- Deny everything and selectively allow access to particular domains
Choose the appropriate method under By default, access to all internet sites will be, whether it's Grant or Deny. When you've made your selection, you can edit the domain list. You can add one computer, a block of IP addresses, or entire domain names. Add the names as appropriate to complete your restrictions. (If you have to add a long list of domains, see the Microsoft article "How to Add a Large Number of Domain Filters in Proxy Server 2.0" at http://support.microsoft.com/support/
kb/articles/q217/2/00.asp for instructions about using your favorite editor to enter these restrictions.)
Routinely blocking harmful Web sites can be time-consuming. Deciding which domains to block can be even more time-consuming and a political nightmare within your organization. Third-party software can help you with this task and keep the restrictions fresh and timely. See the following vendors' sites for more information about Proxy Server plugins:
- Websense at http://www.websense.com
- Cyber Patrol at http://www.cyberpatrol.com/business/proxy/microsoft/default.htm
In a future issue, I'll examine some of these third-party plugins and the additional functionality they bring to your security policy.
Winsock Proxy Client as an Alternative to Filtering
Many common Proxy Server installations use a combination of dynamic packet filtering and domain filtering. Despite the best efforts of the proxy server administrator, someone always wants an exception to the rules. Sometimes, you get requests from users who have a client application that needs to be able to talk to the Internet through a registered port.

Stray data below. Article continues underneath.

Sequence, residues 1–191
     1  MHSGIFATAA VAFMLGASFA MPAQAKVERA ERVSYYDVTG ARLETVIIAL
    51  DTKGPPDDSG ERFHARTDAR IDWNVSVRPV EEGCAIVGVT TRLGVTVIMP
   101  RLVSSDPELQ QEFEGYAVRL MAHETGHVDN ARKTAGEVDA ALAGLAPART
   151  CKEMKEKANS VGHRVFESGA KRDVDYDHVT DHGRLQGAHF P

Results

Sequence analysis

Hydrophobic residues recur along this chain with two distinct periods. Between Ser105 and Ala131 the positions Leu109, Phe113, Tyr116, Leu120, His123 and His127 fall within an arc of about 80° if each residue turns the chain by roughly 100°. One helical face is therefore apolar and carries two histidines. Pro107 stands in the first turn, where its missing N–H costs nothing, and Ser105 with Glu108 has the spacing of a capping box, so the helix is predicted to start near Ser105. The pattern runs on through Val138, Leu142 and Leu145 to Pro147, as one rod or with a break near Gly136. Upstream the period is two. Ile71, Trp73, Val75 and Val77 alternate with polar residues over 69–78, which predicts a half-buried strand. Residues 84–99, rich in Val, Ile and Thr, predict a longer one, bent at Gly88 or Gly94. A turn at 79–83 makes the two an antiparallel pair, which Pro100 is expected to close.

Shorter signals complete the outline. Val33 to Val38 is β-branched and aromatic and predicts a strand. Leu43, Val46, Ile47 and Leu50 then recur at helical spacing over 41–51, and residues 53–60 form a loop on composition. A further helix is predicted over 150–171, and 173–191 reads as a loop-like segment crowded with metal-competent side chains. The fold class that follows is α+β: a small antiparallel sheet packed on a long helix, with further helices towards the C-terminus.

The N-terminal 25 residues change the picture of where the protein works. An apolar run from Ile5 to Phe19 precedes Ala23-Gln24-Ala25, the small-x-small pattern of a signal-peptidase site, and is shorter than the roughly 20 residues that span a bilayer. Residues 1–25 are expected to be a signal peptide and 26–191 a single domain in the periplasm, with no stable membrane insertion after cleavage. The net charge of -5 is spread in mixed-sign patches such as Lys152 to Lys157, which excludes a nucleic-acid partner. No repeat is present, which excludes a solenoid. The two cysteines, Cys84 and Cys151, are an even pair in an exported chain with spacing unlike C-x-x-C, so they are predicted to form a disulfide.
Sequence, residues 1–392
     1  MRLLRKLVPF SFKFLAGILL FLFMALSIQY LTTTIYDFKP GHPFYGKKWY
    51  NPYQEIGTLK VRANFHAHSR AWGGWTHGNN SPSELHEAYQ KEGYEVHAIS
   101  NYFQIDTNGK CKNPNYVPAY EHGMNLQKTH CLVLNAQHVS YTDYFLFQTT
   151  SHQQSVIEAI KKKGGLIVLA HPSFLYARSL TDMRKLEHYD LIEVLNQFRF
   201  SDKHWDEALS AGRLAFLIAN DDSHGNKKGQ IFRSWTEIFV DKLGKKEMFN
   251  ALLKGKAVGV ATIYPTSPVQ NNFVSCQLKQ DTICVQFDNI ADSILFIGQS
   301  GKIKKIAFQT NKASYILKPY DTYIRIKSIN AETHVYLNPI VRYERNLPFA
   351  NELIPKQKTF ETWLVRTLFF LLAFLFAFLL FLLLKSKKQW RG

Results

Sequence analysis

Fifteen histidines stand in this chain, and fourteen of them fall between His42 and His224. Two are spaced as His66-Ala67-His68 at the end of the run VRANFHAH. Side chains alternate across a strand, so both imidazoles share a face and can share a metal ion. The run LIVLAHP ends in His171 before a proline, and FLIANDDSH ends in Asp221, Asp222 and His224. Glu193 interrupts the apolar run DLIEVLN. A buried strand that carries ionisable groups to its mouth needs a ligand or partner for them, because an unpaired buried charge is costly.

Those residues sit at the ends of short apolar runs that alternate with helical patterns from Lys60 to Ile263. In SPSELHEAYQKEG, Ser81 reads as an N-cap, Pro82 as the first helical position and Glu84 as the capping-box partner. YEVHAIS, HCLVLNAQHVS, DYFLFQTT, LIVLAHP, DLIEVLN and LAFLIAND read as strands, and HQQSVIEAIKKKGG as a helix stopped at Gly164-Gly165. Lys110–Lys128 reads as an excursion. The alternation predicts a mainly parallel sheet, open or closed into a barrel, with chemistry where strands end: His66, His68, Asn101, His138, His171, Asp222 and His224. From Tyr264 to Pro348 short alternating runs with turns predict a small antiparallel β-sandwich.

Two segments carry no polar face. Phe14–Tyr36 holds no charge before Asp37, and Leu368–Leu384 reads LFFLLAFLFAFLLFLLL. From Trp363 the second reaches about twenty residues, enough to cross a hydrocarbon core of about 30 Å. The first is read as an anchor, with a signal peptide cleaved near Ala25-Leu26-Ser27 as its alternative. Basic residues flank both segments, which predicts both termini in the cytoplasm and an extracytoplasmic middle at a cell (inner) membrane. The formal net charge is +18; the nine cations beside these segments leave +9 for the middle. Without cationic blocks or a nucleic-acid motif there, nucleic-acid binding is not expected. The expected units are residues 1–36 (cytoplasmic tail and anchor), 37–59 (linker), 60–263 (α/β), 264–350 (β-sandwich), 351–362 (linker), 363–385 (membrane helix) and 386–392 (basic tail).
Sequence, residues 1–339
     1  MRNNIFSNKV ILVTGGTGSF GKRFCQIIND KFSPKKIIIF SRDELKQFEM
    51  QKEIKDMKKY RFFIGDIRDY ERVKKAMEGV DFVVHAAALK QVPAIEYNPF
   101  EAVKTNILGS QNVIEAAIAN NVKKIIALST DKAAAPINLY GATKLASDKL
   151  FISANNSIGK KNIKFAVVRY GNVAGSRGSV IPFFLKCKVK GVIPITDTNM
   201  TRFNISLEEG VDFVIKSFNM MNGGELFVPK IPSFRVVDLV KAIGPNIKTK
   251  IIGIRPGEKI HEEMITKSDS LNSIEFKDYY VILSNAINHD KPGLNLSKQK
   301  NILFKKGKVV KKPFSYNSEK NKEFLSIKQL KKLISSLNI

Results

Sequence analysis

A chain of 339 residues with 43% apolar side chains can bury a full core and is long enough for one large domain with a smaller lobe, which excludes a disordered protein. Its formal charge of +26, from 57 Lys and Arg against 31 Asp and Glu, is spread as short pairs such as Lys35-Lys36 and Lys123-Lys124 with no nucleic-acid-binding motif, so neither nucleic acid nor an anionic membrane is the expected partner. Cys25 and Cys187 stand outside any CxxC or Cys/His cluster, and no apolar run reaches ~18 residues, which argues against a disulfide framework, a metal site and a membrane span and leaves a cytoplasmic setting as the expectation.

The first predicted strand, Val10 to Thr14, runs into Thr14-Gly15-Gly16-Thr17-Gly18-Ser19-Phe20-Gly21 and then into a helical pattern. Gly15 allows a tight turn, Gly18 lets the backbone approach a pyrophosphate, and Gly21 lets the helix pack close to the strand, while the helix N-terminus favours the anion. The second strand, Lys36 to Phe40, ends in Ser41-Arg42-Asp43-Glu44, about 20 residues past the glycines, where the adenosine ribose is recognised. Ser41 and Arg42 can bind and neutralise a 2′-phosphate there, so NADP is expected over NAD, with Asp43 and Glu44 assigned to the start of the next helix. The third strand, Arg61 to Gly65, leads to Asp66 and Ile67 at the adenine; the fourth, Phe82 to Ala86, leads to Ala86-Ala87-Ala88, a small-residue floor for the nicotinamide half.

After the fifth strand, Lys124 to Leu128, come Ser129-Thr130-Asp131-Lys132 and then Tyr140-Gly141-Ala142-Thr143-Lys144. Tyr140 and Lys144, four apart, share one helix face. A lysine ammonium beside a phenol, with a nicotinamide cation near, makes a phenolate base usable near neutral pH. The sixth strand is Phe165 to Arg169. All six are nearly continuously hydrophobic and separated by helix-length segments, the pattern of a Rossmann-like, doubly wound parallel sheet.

One way to solve this problem is to use Winsock Proxy and grant unlimited access to those who need it. For example, if the big boss wants to use a stock ticker program that needs registered ports to operate, you can install Winsock Proxy Client on his or her workstation and enable the Unlimited Access protocol in the Winsock Proxy Service Properties For proxy dialog box. Screen 5 shows the Permissions tab. This solution gives you the power to follow the company's acceptable use policy, but with some flexibility.
Microsoft Proxy Server and RRAS
Occasionally, administrators install Proxy Server together with RRAS so that both services can exist on one server. Despite the hardware cost savings with running two services on one server, the thought of a router running parallel to my proxy server really bothers me. If you can move the RRAS server to a separate server, I suggest that you do so for security's sake and for added ease of administration.
Moving the RRAS server is a good idea because of NT's ability to become a minirouter. During Proxy Server installation, I disable IP forwarding and set up a manual route to the internal network. The manual route lets me place a barrier between the two networks, and I can feel certain that packets aren't automatically routed from the external interface to the internal interface. The RRAS installation re-enables this option—in fact, RRAS doesn't work without it. Although administrators go to great lengths to make sure the routes don't exist, a simple mistake can decimate the server's security. The packet-filtering abilities of both products can be counterproductive if you don't set them correctly.
Local host filters are key to preventing RRAS and Proxy Server from harming each other and your network. These filters shape the security of RRAS and determine what is allowed between the external and internal interfaces. In the case of the RRAS/Proxy Server combination, you need two local host filters to control the flow. The first filter drops all inbound packets on the external interface except for those destined specifically for the proxy server, such as return traffic for Web Proxy clients and incoming requests for applications available through Server Proxy. The second filter drops all packets on the internal interface except for those destined specifically for the proxy server, such as Web Proxy and Winsock Proxy requests. Even though you've enabled IP Forwarding and your server's nature is to route packets between the networks, RRAS only allows traffic destined for the proxy server. This solution works, but it's not the best security-minded solution.
Next month, I'll talk more about using Proxy Server to publish Web sites. I'll discuss Reverse Proxy, Reverse Hosting, and the little-known and oft-misunderstood Server Proxy.